— Denver Water (@DenverWater) January 18, 2014
What does a 256-foot-diameter slab of concrete look like when it is being poured? Pic: http://t.co/sDEeLtsLES
— Denver Water (@DenverWater) January 18, 2014
From The Pueblo Chieftain (Chris Woodka):
While needed capital stormwater projects that benefit Fountain Creek top $750 million, El Paso County still is lagging in maintaining its current infrastructure. El Paso County needs to be spending at least $5 million a year more to maintain the stormwater structures it already has in place, County Engineer Andre Brackin told elected officials Thursday.
“There has been a lack of long-term maintenance and monitoring these structures over time,” Brackin said. “Once you have built a structure, you have to maintain it.”
In addition, many of the older structures in Fountain Creek are the wrong type because they move water faster to the stream rather than allowing it to infiltrate as it did before development, he said.
New structures have to be able to handle intermediate floods rather than the 100-year or 500year monsters that cause extensive damage. To do that, El Paso County has to put more emphasis on regional planning and time projects for the most benefit.
“We can’t move ahead without a master plan,” Brackin said.
Besides the gap in maintenance, the revised list of flood control projects for Colorado Springs and El Paso County, finalized this month, fails to fully take into account the mitigation that will be needed for the 2012 Waldo Canyon Fire.
Mayors from the incorporated cities in the county began the process of discussing how costs will be shared on Thursday.
More stormwater coverage here.
From The Durango Herald (Ellen Roberts):
My first bill has been introduced, and it addresses lawn irrigation in new subdivisions when the water used is transferred from agricultural use. It would take effect in 2016. I’ve received lots of input on the bill.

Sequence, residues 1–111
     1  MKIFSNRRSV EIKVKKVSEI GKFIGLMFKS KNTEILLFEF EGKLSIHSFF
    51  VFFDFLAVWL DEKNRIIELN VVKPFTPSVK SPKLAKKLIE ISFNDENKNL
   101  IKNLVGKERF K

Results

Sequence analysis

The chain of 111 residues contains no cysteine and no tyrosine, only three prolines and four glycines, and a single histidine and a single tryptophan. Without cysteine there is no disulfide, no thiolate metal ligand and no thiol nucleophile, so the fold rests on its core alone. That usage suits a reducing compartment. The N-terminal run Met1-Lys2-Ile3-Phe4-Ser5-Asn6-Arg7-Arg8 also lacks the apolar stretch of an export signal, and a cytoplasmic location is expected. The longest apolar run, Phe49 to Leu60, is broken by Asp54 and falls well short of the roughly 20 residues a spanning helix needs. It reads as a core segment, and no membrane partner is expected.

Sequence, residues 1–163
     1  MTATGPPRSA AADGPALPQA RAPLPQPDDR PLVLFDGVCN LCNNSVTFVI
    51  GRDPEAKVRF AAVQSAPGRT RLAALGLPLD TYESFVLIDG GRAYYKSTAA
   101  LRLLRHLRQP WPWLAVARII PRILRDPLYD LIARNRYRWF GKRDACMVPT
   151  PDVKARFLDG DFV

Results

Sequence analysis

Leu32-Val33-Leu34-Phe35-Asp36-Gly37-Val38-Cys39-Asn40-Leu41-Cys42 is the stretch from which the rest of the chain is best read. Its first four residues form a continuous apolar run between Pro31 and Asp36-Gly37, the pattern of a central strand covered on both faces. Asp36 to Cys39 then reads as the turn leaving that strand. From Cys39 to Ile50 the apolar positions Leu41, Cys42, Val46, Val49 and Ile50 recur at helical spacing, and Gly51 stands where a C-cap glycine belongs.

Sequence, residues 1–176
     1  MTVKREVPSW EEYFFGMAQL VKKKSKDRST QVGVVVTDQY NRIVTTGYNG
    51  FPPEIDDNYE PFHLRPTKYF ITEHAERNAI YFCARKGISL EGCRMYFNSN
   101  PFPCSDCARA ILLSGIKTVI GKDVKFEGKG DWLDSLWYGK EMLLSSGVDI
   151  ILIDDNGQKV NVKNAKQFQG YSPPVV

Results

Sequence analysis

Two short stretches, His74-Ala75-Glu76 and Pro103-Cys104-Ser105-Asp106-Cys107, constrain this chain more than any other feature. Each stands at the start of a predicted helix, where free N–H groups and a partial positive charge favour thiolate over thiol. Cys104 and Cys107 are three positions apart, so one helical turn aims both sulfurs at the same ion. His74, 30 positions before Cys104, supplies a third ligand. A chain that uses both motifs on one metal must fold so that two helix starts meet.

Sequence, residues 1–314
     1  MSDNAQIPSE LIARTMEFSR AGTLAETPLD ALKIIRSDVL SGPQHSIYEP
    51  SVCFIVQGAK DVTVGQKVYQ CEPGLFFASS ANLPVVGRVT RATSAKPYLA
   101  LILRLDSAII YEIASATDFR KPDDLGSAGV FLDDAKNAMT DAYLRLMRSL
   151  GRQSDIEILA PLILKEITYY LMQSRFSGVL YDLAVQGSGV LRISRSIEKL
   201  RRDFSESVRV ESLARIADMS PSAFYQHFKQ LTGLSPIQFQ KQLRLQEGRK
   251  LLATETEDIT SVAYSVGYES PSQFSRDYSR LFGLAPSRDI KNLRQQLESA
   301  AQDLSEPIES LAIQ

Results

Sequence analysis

Most people understand the need to address Colorado’s water shortage, especially as our state’s population grows. It’s anticipated our population will double by 2050, yet we don’t have the water supply needed to support that growth.
It has been suggested the bill is heavy-handed, and I understand that sentiment. The bill is a work in progress, and I’m committed to as many meetings as it takes to get a variety of responses and to consider suggested alternatives on this proposal.
While some view it as being a Western Slope versus Front Range approach, it’s not intended that way. It is true, though, I’m concerned about where the new water is going to come from to support the growth projected for Colorado.
Given the private property rights’ nature of Colorado water, the bill clearly allows agricultural water transfers to occur. The focus is on municipal water – half of which goes for lawns and three-quarters of that water for lawns is consumed by evaporation. If this bill is passed, Colorado would lose less water to evaporation, which is a significant consumer, particularly given the dryness of our semi-arid climate.
My constituent, Steve Harris, a water engineer from Durango, proposed the bill idea to me, and it was developed to address the widespread concern that our state is rapidly losing land in agricultural production because of municipalities buying the water rights for their growth. Food independence is even more important than energy independence, so this proposal struck a chord for me.
From The Denver Post (Vincent Carroll)
Sen. Ellen Roberts appears somewhat surprised by herself. The Durango Republican is not used to carrying bills imposing mandates on local governments, and it makes her “personally uncomfortable” that she is doing so now.